I was something like yeek, I'm sick of corporate events. I need my old objetos de personalidad. The feeling is complex and so wonderful that I simply want to put some of it in a jar and keep it till the next time when I need a breath. I'm exhausted but I do not want to fall asleep because I know that when I wake up this home-alone feeling will be gone.
To celebrate my local very personal and completely unplanned victory over uncertainty I opened a Pear Cider. After refined red wine it tastes awful but I still like it.
I don't remember how I found Being Five but surely is became one of my most-loving places. George Sfarnas is the author and the guy responsible for my recent addiction. There I find wonderful comics, like the one below.
It all started from his 5-y.o. son who inspired George to create the comics. If you want to peep into his world check is piece published on On-My-Desk - website where artist share their private work-space and personal insights with curious people like you and me.
Being Five is probably the work that made Sfarnas Internet-ionally famous, but yes, he exsisted long before the comics strip.
He was featured on Toon Talents and shared this (copy/paste because the site is down):
"Hello, my name is George Sfarnas. I am a cartoonist and animator from Northern Virginia, U.S.A. I began doodling at a young age and drew my first collection of comic strips when I was 12. My grades suffered that year but the comic strip was a success among classmates, so I was happy.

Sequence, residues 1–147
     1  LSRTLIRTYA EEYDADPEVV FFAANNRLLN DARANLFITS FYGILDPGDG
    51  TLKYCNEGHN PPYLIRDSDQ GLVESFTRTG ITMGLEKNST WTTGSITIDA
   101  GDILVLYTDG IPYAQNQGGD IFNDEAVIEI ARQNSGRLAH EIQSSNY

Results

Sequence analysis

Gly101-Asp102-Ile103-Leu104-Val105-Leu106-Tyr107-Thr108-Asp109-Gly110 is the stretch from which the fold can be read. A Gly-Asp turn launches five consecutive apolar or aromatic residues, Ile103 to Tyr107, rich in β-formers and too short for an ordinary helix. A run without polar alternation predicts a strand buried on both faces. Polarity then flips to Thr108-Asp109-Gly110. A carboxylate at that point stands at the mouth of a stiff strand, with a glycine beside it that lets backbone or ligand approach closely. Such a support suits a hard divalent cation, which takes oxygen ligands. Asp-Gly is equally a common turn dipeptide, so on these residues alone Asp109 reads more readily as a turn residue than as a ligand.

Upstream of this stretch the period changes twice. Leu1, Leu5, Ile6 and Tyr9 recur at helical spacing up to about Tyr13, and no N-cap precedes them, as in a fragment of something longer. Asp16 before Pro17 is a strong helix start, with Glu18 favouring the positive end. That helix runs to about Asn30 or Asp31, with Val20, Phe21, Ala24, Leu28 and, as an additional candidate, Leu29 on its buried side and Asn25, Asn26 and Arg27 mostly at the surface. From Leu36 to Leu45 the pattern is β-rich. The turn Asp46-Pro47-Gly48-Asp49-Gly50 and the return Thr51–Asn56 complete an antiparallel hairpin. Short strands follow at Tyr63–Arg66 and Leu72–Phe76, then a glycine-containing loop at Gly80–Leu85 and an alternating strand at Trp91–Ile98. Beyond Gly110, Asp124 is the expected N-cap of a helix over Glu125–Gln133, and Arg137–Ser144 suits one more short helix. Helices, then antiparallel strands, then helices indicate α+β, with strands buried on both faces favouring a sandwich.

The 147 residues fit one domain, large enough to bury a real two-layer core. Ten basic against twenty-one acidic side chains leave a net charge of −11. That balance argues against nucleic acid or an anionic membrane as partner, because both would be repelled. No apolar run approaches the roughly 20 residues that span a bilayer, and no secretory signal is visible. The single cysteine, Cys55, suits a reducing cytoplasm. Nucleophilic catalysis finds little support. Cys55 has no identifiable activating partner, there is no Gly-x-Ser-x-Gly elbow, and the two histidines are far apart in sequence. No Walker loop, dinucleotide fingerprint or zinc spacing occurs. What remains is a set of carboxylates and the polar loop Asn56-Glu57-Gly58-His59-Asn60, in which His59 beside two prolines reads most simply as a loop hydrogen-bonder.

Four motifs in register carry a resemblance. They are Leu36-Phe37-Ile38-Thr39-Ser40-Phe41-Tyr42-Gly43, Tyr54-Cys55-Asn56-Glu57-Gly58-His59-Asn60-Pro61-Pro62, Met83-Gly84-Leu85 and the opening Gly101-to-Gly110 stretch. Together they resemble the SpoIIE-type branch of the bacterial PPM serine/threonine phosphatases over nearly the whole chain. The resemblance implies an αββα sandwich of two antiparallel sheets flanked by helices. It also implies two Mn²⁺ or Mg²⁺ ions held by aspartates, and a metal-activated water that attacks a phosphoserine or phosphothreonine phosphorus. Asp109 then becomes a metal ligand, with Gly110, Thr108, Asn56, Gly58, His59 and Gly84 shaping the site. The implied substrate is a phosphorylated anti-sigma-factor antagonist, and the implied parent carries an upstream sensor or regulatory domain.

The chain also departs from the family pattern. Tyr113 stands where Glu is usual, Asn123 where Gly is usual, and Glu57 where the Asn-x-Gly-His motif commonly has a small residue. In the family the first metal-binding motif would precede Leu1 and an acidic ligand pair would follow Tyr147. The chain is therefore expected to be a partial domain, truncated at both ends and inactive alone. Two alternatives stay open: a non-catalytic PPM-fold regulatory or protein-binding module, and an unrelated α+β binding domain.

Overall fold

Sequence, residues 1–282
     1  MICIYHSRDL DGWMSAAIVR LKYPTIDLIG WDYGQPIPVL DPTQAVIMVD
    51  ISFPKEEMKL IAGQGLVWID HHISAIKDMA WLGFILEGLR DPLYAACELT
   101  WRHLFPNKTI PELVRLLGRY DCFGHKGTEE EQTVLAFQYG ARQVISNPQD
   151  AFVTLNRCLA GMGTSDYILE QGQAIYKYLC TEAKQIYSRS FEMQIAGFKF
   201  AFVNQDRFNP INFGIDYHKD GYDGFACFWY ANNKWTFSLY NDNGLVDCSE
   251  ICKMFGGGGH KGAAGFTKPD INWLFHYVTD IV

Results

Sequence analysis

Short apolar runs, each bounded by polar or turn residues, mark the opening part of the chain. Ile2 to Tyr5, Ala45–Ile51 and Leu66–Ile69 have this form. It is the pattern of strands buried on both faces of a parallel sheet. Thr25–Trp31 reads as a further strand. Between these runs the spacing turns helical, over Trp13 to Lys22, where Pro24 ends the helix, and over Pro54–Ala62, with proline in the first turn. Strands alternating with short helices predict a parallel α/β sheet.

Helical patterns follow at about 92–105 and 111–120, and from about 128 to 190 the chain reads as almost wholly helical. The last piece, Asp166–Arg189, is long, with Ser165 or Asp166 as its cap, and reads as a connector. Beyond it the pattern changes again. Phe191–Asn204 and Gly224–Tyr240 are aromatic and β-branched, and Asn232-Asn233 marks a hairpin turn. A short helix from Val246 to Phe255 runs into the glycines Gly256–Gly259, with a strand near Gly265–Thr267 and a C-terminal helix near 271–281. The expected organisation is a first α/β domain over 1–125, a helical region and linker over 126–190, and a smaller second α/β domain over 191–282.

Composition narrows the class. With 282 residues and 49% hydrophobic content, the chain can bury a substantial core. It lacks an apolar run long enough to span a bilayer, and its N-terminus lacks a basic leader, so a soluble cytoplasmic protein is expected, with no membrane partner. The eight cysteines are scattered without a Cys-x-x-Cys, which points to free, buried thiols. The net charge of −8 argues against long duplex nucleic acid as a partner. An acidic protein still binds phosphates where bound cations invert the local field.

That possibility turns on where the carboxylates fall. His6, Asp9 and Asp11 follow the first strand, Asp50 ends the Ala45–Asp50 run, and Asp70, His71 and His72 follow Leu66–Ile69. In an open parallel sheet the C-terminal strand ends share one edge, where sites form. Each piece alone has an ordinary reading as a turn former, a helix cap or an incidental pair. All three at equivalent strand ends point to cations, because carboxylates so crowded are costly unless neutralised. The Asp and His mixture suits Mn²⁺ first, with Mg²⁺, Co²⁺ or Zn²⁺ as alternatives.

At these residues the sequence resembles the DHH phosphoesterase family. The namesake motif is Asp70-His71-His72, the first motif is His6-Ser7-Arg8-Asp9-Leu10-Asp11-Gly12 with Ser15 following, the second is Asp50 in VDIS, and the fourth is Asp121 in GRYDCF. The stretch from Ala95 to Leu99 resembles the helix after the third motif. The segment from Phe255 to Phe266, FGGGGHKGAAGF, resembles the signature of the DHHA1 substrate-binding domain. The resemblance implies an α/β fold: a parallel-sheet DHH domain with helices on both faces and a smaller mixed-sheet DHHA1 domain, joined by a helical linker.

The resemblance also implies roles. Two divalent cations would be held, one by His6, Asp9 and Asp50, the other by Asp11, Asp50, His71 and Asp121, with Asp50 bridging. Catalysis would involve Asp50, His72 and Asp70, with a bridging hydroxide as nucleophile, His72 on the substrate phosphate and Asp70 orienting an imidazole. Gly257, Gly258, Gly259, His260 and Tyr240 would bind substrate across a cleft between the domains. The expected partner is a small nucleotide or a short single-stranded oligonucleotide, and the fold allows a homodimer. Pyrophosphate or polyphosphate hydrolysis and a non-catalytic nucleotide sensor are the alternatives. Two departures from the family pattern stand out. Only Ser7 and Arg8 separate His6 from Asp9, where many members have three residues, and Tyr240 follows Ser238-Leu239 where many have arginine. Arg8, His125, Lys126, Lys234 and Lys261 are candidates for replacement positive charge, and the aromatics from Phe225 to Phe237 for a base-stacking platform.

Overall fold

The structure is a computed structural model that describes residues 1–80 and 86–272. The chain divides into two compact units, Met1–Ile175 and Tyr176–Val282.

"I went on to study film making at The American University, but my true love was cartooning and animation. Inspired by the work of Will Vinton, I began producing clay animation. Through hard work and a couple of bank loans, I opened a small studio and produced some clay animated pieces for clients including: Prudential Realty, Indian River Select Juice, Cruise One, and The Children's Services Council.
"Now that I'm finished bragging, let me give you the other side of the story.... In the field of freelance animation, there is always an 'in between jobs' time. So, I worked the evenings as a movie projectionist. The long hours of solitude in the projection booth, with nothing but a pad and pencil, marked the beginning of Prune Juice. After developing the characters and drawing panels for several years, I have finally launched Prune Juice comics on its own web site. I have received some amazing e-mail from comic enthusiasts around the world telling me how the strip had made them laugh. Alas, a full circle from my classmates when I was 12."